"I don't think so, you son of a bitch." Before anyone realized what was happening, the woman was pouring water onto the demon, steam rising from his wounds. In shock and pain, he let her go and she stepped out of the circle, leaving the demon trapped alone inside. Sam and Dean looked at each other, stunned for a moment at what they were seeing. Before anyone had made a move to stop her, she pulled knife out of her bag. Dean recognized the symbols on the blade—the same symbols that had been on the blade that could kill anything. Just as she was preparing to throw the knife, Dean grabbed her arm.
"No! You can't we need him!"
"You need him alive?" she asked, sounding completely shocked.
"Yes!" Dean said, stepping between her and the demon. This was not exactly a position he had ever thought he would find himself in. Ever.
"Really?" She was clearly frustrated, her hands on her hips. Dean nodded.
"Well, too bad. I need him dead," she snapped, throwing a punch at Dean. It connected with his chin, sending him to the ground. Dirt flew everywhere, breaking the circle. The woman tried to throw her knife, but Sam grabbed her arms and was restraining her. Before Dean could grab the demon, he was gone. With a shriek of frustration, the young woman pulled away from Sam and immediately began swearing profusely at them.
"You son of a bitch!" she yelled, pointing her finger a Dean. "You let him get away!"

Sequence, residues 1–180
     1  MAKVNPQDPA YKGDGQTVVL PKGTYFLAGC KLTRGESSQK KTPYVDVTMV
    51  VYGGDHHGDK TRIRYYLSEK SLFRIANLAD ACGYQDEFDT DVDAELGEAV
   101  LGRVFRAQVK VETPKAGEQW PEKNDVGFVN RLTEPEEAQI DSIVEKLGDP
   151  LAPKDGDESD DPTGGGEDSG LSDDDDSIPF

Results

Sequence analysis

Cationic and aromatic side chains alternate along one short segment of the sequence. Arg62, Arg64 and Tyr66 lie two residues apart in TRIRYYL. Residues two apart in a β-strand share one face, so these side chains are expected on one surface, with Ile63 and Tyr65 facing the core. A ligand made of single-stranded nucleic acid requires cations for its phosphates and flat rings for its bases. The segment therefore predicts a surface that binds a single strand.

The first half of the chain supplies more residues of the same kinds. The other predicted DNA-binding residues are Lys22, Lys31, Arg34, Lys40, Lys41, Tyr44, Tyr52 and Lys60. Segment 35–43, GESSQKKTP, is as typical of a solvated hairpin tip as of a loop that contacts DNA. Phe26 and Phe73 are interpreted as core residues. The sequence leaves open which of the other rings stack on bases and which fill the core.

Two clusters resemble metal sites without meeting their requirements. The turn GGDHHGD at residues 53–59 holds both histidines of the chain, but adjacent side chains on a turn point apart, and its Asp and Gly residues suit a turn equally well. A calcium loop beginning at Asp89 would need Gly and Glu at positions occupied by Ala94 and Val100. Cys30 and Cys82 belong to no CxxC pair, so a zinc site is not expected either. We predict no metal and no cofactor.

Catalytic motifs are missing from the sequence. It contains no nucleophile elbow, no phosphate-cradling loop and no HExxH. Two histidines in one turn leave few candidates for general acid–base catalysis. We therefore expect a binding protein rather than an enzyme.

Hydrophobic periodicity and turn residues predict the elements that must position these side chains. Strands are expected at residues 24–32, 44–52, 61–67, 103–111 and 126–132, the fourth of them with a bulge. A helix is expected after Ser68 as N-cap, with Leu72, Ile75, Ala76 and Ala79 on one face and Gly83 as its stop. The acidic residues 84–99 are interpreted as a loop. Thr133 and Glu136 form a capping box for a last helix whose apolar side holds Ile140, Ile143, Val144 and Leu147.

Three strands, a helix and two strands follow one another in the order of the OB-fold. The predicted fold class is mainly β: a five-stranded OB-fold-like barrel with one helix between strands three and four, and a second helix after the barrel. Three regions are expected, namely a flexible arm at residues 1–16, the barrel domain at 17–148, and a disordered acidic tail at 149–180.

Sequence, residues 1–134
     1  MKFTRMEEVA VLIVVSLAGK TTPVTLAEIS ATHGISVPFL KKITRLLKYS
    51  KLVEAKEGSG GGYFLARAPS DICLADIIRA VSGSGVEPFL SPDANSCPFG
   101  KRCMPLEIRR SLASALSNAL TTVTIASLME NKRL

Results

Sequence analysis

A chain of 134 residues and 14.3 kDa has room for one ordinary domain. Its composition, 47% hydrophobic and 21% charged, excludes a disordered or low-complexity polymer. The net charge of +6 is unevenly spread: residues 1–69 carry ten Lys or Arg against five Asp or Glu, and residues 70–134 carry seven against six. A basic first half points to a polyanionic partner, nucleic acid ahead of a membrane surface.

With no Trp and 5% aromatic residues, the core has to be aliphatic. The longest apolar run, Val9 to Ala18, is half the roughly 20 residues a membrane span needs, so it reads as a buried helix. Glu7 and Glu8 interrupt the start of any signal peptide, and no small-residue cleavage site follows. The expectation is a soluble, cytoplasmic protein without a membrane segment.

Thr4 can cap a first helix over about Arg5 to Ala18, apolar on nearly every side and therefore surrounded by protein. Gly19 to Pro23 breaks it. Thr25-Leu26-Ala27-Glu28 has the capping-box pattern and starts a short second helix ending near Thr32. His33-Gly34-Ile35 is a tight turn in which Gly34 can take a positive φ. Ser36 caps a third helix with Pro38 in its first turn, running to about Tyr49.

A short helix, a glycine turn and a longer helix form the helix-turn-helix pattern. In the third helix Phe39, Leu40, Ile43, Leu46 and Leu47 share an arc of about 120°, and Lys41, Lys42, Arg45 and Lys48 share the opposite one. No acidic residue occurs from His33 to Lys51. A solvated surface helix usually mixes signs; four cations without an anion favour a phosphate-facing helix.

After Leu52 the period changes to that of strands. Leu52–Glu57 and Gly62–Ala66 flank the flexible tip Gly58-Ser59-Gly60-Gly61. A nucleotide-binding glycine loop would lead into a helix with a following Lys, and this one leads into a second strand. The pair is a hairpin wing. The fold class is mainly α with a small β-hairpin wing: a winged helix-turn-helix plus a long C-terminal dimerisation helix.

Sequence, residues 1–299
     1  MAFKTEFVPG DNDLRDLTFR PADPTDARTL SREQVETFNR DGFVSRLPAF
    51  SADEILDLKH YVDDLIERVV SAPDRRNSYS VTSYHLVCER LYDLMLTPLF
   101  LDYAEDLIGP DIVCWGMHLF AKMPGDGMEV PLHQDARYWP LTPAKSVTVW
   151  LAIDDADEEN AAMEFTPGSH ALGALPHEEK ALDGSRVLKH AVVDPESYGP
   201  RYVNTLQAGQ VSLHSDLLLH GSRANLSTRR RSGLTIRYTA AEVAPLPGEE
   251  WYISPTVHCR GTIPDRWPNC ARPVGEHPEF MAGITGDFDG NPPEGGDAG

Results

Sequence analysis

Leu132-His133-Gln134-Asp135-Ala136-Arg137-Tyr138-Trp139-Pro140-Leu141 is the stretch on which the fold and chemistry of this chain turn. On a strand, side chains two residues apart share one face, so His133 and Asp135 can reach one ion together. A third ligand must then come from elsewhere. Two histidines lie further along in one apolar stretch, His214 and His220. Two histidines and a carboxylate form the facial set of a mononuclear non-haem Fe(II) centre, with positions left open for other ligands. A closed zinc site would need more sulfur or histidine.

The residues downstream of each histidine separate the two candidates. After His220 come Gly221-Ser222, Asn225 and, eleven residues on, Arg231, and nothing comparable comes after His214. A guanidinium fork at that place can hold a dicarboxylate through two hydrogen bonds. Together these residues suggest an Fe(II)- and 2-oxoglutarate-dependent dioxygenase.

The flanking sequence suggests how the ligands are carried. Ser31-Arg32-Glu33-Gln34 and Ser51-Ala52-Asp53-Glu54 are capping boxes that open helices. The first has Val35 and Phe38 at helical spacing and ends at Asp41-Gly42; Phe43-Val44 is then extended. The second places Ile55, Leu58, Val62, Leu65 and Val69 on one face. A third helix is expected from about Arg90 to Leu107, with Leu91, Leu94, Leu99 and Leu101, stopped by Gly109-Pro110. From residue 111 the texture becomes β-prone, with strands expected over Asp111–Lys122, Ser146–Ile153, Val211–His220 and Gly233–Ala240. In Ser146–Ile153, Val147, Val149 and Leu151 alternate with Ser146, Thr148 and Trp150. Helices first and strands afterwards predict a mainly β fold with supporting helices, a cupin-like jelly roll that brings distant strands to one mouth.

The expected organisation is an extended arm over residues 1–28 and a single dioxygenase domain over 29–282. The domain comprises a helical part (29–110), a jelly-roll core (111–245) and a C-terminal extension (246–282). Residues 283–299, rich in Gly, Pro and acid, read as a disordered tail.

"I let him get away? If you hadn't punched me—"
"If you had moved, I wouldn't have had to punch you so damn hard, Dean Winchester."
He froze upon hearing his name, and stared at the person who had spoken it. She was tiny—maybe five and half feet tall, in three and a half inch heels—but that didn't seem to have any effect whatsoever on her presence. She had red hair—it shone bright copper in the firelight—that framed an odd face. Her nose wasn't perfect, though it probably had been at one point. There was a tiny scar across the bridge, probably acquired when she'd broken her nose. Her eyes were green, bright with temper right now, staring at him from beneath strong brows. Her mouth was twisted into a bitter smile.
After several moments—long moments—Dean took a step back, and for the first time in a long time, he dropped his weapon in shock. Sam watched as the blood ran from his brother's face; his hands began shaking as he found himself at a complete loss for words. The woman just stood there, the same bitter smile on her face.
"It's been a while, yeah?" she finally said. "I didn't think you'd recognize me without all the blood. But it's okay. If I hadn't been looking for you, I probably wouldn't have recognized you either. I guess the rack will do that to your perception."
Sam looked in shock at his brother, then back at the woman. "The rack?"
"You know, the medieval torture device? Causes the joints to separate—among other things. I don't recommend it. Extremely uncomfortable," she quipped, grinning harshly at Sam. Dean continued to stare at her, not sure of what he was seeing. When he finally spoke, his voice was oddly hoarse.
"What's your name?" he whispered. Her expression softened.
"Lena. Lena Colt," she answered, taking a step closer. He took one back. Sam stood silently, trying to process the scene before him. Several moments later, her words finally registered.
"Colt? As in—"
"The gunsmith? Yes. I would be one of those Colts."
Dean visibly cringed at her words. Finally, he spoke again. "H-how is that possible?"
"The climb out of Hell? I'm surprised you're asking, Dean. I mean, after all, you managed it."